Losing isn’t the most welcome of things.
I’m not talking about the current trend of ‘failing upwards’: failures that eventually (inevitably) turn into bigger successes. I just mean losing full stop. The irrevocable kind of loss.
Public losing can be especially troublesome. Losing something or someone we really love can only be existential agony for everyone.
But those who have suffered a great loss can, at least after a time, usually attest of its positive aspects. Losing brings with it a sort of devil-may-care life philosophy; a universal ‘well, fuck it, the worst already happened. So what do I want to do?’
When we are actively afraid of losing, we’ll go to great lengths to insure ourselves against the possibilities for failure. But in those efforts, we risk losing something of greater value – ourselves. Loss can be a terrific agent of that quality that has, unfortunately, now become something of a modern platitude: authenticity.
Authenticity isn’t something we pat ourselves on the back with after we have spoken our minds. Nor is it a badge of honor. Authenticity – or living our truths – is a necessity for us to have a life that, if not always enjoyable, feels meaningful to us.
what doesn’t kill a person
If we can avoid the temptation towards recklessness, great losses serve our overall freedom well. We have lost and we have lived. What hasn’t killed us has made us stronger. The sense of strength helps the authenticity course perfectly. A life of authenticity carries with it many inconveniences, after all.
If we have managed to escape loss until now, inevitably we have no record of having had survived such a devastating blow. And it’s possible that this is pulling the strings on our decisions in a more powerful way than we realise.
Surviving something awful brings us in a face off with the death clock.
We generally ignore the death clock, on a day-to-day level. Unfortunately, it’s this ignorance which tends to mean we waste a lot of our lives under the impression that our dreams can ‘wait until tomorrow’. Anyone that has loved and lost understands that actually, dreams can’t wait.
Great losses have a habit of highlighting our responsibilities to ourselves, and lessening our concern for living according to what others expect.
Losing may in fact lead to a perverse new sort of confidence to tackle challenges. We already lost the most important thing afterall. What’s a few smaller obstacles in our way?
Our lives won’t be what they could be unless every choice we face is presented to the death clock; the great arbiter. Loss can, in a way, act as the guarantor of meaningfulness.
how to get the benefits of losing, without losing
It is probably a little much to try to lose deliberately. It also isn’t practical: ‘Dear, I’m leaving you because I need to find out what’s important to me, and I can’t know that whilst we’re still cohabiting.’
If you have yet to lose in a profound way in life, ask yourself what you’d hate to lose. Consider whether you are giving anything important up in trying not to lose it. A desire of your heart, for example. Something you’d love to try and do. The person you’d like to be.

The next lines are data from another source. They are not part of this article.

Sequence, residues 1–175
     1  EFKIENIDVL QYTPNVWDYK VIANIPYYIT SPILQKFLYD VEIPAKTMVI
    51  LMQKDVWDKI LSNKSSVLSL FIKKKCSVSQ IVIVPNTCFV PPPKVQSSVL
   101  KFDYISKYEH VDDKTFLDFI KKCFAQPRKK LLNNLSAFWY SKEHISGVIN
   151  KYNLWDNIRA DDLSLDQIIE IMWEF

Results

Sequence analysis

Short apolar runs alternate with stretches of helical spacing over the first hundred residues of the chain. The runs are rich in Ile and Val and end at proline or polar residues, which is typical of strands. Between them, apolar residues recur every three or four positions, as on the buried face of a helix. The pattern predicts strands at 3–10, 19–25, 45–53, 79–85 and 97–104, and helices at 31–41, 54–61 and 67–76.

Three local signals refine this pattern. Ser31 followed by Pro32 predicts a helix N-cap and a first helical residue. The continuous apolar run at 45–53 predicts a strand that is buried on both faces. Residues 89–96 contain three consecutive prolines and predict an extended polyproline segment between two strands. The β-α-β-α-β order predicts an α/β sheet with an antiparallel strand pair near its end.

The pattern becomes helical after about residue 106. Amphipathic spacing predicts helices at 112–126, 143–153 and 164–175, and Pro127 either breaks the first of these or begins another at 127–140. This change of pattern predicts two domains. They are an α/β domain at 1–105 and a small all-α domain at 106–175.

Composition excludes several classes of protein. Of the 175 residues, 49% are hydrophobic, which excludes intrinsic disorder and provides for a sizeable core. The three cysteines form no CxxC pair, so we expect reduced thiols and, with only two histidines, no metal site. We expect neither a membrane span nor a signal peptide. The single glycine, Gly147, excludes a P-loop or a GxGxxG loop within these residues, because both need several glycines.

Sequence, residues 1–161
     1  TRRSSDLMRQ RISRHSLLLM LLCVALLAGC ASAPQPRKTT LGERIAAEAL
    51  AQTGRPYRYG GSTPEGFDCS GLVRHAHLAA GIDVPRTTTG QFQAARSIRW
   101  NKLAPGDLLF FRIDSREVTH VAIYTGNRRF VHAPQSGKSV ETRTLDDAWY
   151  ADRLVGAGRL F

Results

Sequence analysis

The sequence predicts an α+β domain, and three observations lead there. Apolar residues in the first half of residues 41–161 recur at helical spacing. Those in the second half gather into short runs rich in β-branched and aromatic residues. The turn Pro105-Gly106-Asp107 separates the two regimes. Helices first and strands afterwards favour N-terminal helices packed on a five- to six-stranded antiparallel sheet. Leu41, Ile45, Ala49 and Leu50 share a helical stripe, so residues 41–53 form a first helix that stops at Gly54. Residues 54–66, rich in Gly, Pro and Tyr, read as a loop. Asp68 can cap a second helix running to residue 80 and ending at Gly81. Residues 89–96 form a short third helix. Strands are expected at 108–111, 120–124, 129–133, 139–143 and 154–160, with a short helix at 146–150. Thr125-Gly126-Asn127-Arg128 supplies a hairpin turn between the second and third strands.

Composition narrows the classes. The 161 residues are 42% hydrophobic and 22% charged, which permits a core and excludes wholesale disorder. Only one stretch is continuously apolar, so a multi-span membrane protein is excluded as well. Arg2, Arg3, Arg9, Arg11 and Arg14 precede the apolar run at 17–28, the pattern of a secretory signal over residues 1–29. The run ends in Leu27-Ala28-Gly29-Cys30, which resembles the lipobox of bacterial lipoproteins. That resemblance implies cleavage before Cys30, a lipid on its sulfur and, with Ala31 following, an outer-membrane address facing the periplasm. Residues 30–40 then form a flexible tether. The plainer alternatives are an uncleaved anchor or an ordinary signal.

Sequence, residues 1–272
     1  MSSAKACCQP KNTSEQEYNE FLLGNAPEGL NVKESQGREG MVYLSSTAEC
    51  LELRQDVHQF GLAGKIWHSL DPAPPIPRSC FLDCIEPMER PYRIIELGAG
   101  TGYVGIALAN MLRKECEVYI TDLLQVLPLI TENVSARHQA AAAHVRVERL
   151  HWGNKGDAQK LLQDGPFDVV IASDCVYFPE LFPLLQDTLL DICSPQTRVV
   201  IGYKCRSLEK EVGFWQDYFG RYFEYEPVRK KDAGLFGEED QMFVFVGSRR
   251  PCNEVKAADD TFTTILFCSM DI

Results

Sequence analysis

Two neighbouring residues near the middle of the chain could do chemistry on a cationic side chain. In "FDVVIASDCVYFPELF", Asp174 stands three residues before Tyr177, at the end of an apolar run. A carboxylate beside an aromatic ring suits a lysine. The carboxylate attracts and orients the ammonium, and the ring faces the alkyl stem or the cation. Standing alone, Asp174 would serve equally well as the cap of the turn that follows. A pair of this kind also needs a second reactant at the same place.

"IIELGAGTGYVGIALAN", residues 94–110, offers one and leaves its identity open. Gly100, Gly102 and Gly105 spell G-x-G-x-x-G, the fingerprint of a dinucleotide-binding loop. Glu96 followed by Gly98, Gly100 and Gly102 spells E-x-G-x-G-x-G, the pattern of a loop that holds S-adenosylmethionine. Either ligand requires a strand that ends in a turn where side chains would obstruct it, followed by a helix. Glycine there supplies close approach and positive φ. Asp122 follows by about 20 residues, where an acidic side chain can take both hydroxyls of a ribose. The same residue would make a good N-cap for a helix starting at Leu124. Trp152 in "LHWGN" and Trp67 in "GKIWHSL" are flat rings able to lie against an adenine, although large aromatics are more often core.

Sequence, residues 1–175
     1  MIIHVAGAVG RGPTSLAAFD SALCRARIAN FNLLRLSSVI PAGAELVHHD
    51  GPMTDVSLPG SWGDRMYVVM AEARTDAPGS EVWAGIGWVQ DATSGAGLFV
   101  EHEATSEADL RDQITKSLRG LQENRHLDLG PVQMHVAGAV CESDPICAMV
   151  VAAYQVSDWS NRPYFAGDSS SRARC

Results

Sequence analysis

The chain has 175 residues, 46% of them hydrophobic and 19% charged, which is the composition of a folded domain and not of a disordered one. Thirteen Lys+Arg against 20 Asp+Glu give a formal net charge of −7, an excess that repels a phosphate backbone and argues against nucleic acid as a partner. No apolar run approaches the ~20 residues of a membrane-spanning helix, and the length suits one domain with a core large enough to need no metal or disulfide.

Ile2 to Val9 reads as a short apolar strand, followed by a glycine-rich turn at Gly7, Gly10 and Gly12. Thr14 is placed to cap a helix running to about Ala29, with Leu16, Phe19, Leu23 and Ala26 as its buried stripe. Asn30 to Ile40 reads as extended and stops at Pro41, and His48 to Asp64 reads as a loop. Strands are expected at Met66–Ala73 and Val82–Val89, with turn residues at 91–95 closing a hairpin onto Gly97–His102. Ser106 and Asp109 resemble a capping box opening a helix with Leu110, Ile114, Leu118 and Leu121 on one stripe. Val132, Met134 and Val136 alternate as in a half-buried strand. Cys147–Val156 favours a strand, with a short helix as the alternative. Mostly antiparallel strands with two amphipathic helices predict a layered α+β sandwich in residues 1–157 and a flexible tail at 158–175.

how to get the most from losing
Some losses are due to controllable failings on our part. Maybe we ruined our relationships with our own behaviour: concealing concerns and seeking to have our inner conflicts relieved through inappropriate means. This is indeed a sorrowful situation.
The best thing we can do is acknowledge our mistakes to others, forgive and then free ourselves. We can take comfort in the knowledge that we, at least, won’t repeat our errors.
When we suffer loss due to no effort or omission, we have no option but to grieve and eventually, let it fuel a more purposeful life.
how to stop being so afraid of losing
Underneath our fear of losing is a secret fear that we are, in fact, pretty worthless outside of our various achievements. We might believe that our successes are ‘holding the fort up’, and with them gone, we’ll be exposed for the waste of human skins and bones that we are. The unworthiness trance is a powerful one, but one whose grip we must steadfastly loosen with growing attention and awareness.
We stop being so afraid of losing when we wake up to the truth that we are worthy, regardless of our achievements.
We may understand it intellectually, but without the experience of losing something big and life going on, we do not develop the knowing that this is the case. We must try to recognise that irrational fear in ourselves, and now allow it to prevent us from taking bold action.
Our families and other supporters can help to alleviate the fears. Families especially will still love us following losses and screw ups, and actually – they may not even be particularly sympathetic. Familial nepotism means that they don’t give a damn what you have or haven’t achieved – you’re still going to help with the washing up.
This is strangely, beautifully reassuring.